Summoning rain, appeasing the earth, and expressing gratitude for what has been received: different Maya rituals carry on the ancient spirit of cities such as Dzibilchaltún, Uxmal, and Chichén Itzá. The lineage of Maya priests continues to our days, now accompanied by scholars and advocates. One of them is Dr. José Enrique Vidal Dzul Tub, general secretary of the National Union of Workers of the Ministry of Culture. I spoke with him regarding Maya ceremonies, whose validity and importance are unquestionable.
There are several ceremonies that show a wide range of intentions, explains José. When the Aluxes or Yuntsiles start with their mischief, or when lands begin to be settled, it’s important to make peace: “Jets’ Lu’um,” the ceremony of appeasement, is the way to go. Jo’olbesaj Kool is a ceremony that praises and thanks the spirit lords of nature for good harvests, while Ch’a Cháak prays for rain that will grant life.
José says that the downpour following the ceremonies is no mere coincidence: corn becomes masa in the ovens dug in the ground. The right selection of wood achieves the heat that cooks the Pib (a special Tamal), which is offered to different deities. The spirit’s thirst is quenched with Báalche’, a fermented beverage made from the bark of the tree of the same name. The only original record of these practices might be in the mural paintings of processions and events of gratitude, prayers, and prophetic acts; to this day, they all allow the interaction with forces of nature, water, earth, and fire, recalls Dzul Tuyub.
I’m near a table of light trunks, sheltered by an arch of green branches. The Jícaras with the Báalche’ pass from the hands of Marcial Mahla Can, J-men (a Maya priest, like his ancestors), to the mouths of the people there. In the offering, the Maya language is sprinkled with the Spanish words “Dios” (God) and “Espíritu Santo” (Holy Spirit). José explains to me that there is syncretism in the prayers. Not only the words but the catholic Spanish symbols come together with the ones from Yucatecan Maya, as is the case with the Cross of Palenque (which dates from before the Spaniards’ arrival) or the Cruz Parlante (Talking Cross) that aided in military divination in some towns decimated during the Caste War.
José believes that these Maya ceremonies are, for the Maya population, a mirror to the search for the collective good: you request rain not only for yourself, but also for your neighbors. They still preserve much of their true sacredness, which supports, with fervor and respect, a faith that allows recognizing the divine in chants, the vehemence in circles, in greetings, and in the living offerings made to the elements of nature. The favors are echoed by the cosmos’s powers because of its connection with Maya priests.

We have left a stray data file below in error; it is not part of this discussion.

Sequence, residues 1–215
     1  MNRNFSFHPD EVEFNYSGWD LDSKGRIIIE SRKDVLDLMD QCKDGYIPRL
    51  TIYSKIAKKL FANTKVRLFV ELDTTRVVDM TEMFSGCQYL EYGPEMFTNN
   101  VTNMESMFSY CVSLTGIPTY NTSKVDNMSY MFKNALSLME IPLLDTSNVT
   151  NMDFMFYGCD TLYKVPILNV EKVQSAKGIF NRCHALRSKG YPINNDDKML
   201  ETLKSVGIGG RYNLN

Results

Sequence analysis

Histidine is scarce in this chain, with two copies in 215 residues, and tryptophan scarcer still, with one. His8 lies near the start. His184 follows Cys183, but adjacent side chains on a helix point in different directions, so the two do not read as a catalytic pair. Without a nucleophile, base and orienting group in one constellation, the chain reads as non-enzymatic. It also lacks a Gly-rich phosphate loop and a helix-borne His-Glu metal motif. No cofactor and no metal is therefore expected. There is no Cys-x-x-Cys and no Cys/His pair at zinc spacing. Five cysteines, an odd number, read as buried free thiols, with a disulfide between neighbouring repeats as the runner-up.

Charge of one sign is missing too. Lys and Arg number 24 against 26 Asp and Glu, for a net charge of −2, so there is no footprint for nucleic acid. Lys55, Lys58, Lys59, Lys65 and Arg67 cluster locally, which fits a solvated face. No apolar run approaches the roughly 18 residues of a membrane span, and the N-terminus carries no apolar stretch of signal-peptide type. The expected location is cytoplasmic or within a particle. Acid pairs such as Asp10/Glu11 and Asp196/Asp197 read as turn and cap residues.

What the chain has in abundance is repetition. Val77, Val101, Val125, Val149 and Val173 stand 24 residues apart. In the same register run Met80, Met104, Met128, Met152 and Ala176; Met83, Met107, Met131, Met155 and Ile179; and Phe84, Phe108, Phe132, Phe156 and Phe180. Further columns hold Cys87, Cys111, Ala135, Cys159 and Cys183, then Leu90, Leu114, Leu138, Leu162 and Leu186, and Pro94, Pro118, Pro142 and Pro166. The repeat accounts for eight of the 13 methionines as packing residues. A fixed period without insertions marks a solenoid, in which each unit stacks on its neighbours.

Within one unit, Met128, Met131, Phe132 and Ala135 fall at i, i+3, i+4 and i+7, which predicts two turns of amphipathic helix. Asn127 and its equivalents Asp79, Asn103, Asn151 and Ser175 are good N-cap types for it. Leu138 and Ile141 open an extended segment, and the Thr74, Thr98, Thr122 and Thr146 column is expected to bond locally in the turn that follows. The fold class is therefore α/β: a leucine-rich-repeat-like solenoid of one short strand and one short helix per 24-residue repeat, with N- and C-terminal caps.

But these cultural signs – usually made in Yucatán, Campeche, Quintana Roo, and Chiapas – are going through a crisis. We can see the budgetary constraints that affect México’s cultural sector, as José points out. In archaeological sites, under the responsibility of the National Institute of Anthropology and History (INAH), many workers interact, regardless of their area: administrative, custodial, dissemination, educational advisory, restoration, architecture, research, anthropology, and so on. It’s them who make it possible to research, preserve, and share the ancient knowledge that’s still alive in México. The ceremonies are full of life and retain their heart; appreciating, safeguarding, and respecting them are everyone’s responsibility.
It is important to clarify that these ceremonies take place in Milpas, and are, in truth, an intimate sign of identity among the communities. This means that being identity and cultural practices, they are not open to visitors or spectators. However, you can be part of the authentic recreations in places such as Chichén Itzá or the Choco-Story Cacao Eco-Museum in Uxmal, where there’s a daily presentation of Cha’a Chák, the rain ceremony.
By Dave S. Mayoral
Dave Mayoral (1998) thinks it’s difficult to write in the third person without laughing in the attempt, but his background in Modern Language and Literature, Contemporary Art History, and Cultural Management tends to help him a lot…
Photography by Dave S. Mayoral for its use in Yucatán Today.
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